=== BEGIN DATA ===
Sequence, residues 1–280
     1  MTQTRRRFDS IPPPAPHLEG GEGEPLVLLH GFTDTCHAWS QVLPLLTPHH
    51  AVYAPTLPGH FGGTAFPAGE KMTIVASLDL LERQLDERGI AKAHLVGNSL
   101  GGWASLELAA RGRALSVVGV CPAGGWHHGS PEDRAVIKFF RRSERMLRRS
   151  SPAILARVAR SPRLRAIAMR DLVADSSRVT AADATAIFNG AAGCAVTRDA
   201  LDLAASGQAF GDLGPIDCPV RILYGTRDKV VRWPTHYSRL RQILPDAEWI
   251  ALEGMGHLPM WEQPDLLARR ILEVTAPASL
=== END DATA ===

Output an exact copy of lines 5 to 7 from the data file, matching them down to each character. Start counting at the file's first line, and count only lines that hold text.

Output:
   151  SPAILARVAR SPRLRAIAMR DLVADSSRVT AADATAIFNG AAGCAVTRDA
   201  LDLAASGQAF GDLGPIDCPV RILYGTRDKV VRWPTHYSRL RQILPDAEWI
   251  ALEGMGHLPM WEQPDLLARR ILEVTAPASL